As the sunrays cascade over my face, I hope my third attempt to write this blog will be successful. Because how do you write about the biggest mistake in your diabetes career? About a morning filled with hypo’s without a logical explanation, and not even going up when you don’t bolus for lunch? About not rising above 3,5mmol (65 mg/dl) for six hours (!!) and only figuring out why three days later?

30 units instead of 0.

It happens to the best. I am an exemplary diabetic, measuring at least 6x a day, entering all the information into my pump and logging all choices I make which deviate from what the pump suggests. But this even happened to me. I couldn’t believe it when I saw the upload…. 30 units, it had happened.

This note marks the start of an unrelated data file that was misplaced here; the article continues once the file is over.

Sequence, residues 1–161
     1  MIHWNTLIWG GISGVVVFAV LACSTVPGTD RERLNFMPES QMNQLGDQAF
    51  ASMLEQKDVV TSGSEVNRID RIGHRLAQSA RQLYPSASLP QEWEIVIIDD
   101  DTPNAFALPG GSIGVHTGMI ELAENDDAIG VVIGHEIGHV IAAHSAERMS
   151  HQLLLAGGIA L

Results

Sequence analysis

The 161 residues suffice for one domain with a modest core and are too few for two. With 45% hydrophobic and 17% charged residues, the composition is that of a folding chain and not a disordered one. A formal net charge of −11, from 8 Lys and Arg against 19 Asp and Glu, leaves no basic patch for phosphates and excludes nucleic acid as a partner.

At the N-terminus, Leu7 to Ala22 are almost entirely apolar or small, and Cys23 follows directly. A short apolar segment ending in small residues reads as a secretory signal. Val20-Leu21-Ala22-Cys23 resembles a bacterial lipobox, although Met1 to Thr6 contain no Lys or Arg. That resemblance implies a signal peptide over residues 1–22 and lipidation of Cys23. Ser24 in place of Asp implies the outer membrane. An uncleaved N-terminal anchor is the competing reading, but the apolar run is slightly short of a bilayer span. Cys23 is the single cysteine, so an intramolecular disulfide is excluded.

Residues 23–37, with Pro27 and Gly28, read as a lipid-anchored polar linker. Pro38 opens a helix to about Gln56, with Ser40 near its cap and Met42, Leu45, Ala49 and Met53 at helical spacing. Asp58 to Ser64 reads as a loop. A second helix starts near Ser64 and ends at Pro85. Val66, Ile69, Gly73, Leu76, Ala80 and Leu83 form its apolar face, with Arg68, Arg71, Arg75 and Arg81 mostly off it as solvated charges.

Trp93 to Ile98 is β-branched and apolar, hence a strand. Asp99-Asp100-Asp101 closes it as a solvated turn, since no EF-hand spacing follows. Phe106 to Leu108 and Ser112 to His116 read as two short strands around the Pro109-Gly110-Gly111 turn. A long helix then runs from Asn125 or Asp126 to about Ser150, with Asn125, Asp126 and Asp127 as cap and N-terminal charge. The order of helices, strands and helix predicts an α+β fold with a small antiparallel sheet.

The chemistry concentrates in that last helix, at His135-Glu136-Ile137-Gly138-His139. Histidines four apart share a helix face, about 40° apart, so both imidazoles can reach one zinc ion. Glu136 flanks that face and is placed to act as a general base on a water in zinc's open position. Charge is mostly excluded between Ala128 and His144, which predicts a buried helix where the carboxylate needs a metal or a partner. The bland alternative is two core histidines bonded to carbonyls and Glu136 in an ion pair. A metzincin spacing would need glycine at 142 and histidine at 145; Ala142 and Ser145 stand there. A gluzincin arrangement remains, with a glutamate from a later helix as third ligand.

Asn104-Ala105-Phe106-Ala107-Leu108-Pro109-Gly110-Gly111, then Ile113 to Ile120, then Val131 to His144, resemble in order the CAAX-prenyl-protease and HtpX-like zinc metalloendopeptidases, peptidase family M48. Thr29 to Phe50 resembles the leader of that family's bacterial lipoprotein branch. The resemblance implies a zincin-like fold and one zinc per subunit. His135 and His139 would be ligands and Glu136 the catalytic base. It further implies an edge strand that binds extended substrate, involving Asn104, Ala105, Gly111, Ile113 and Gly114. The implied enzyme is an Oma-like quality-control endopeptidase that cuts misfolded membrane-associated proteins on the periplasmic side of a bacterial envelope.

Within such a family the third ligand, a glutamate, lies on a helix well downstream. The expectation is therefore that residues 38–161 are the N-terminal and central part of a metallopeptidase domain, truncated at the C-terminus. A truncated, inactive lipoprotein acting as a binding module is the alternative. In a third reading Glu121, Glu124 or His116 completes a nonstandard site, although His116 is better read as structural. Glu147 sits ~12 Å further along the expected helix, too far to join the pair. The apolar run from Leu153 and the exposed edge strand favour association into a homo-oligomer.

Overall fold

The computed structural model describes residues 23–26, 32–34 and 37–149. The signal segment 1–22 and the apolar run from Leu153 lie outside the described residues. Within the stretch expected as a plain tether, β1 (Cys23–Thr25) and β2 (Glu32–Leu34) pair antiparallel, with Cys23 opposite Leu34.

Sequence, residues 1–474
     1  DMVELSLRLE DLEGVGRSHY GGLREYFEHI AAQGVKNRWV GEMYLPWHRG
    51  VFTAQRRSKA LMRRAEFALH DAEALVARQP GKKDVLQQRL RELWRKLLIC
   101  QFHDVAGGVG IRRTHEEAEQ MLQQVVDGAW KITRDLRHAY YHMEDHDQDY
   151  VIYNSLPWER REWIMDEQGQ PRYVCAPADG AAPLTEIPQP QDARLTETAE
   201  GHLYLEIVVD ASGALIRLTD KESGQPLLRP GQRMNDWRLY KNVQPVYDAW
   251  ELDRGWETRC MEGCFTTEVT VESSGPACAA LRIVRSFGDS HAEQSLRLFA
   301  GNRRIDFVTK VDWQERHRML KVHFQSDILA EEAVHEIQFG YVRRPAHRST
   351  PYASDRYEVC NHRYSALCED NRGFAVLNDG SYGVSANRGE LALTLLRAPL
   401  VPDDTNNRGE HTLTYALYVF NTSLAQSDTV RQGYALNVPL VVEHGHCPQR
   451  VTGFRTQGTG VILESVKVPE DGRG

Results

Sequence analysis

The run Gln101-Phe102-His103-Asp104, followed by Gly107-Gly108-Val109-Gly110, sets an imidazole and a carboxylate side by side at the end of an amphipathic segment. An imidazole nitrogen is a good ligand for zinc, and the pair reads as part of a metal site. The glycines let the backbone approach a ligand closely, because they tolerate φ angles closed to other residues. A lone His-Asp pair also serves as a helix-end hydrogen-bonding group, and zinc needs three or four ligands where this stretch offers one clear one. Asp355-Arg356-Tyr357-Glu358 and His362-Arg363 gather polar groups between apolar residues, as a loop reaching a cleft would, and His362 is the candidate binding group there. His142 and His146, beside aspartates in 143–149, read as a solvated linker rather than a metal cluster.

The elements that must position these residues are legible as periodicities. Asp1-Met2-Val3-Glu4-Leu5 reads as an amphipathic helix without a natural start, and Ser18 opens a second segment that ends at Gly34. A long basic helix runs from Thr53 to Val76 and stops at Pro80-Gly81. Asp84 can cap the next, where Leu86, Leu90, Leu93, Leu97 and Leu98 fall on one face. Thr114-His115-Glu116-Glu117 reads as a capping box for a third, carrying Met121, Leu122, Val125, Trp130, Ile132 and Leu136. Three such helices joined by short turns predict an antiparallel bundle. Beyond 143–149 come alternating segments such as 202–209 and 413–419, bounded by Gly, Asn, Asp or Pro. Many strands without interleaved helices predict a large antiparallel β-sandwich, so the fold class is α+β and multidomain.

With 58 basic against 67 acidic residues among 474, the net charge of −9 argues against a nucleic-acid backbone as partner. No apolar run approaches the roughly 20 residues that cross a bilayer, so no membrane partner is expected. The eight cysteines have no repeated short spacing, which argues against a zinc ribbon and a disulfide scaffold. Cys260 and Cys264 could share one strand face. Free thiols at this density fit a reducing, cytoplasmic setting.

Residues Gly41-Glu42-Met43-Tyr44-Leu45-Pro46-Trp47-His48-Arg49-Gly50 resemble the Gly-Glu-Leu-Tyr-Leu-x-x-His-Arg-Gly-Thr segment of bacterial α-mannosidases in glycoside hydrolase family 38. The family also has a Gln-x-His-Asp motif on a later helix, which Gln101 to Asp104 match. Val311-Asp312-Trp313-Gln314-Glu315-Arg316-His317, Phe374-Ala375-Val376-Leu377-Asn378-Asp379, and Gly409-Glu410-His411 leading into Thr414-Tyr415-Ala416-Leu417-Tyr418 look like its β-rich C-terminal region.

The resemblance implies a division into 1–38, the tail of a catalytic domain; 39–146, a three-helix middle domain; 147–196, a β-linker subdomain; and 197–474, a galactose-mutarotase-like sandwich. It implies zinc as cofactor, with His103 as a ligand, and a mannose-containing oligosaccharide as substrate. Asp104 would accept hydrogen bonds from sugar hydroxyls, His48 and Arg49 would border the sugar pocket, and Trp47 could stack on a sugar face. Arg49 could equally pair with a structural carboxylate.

The boyfriend was actually quite relieved, he was a bit worried that such a hypo-filled day could occur at any moment. I guess he was right, it really wasn’t a fun day. After breakfast I wanted to get up and I felt a little light-headed so I measured, 2,7mmol ( 48 mg/dl). Hmm…  did the insulin act faster than my breakfast carbs? I downed a glass of lemonade and measured again after 30 minutes. Another glass of lemonade, sugar tabs, cotton candy and even a bagel for lunch with a major glass of juice without a bolus did not help! Finally I decided to call the doctor, this was getting scary. Together we looked through my bolus history, but I didn’t look further than my morning bolus, after all, I hadn’t given any insulin before that?!

The lesson I learnt was to always check that a 0,0 bolus is indeed a 0,0 bolus and the pump didn’t jump to the maximum bolus amount. And, if I do remain low for a longer period of time, dig a little deeper into the bolus history.

But being able to eat cotton candy without worrying about my sugars, that truly was a great moment!